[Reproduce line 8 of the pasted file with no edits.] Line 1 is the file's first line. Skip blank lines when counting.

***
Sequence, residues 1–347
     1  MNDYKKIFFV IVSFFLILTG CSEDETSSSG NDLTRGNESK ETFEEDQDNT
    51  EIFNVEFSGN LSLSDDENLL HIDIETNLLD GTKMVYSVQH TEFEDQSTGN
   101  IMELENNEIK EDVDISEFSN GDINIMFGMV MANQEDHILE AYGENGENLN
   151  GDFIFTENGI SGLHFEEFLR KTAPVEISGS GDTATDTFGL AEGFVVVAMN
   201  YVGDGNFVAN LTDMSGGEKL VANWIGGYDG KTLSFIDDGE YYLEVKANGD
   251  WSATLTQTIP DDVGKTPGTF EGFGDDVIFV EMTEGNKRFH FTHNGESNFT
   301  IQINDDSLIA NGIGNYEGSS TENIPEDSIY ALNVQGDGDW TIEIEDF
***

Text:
   301  IQINDDSLIA NGIGNYEGSS TENIPEDSIY ALNVQGDGDW TIEIEDF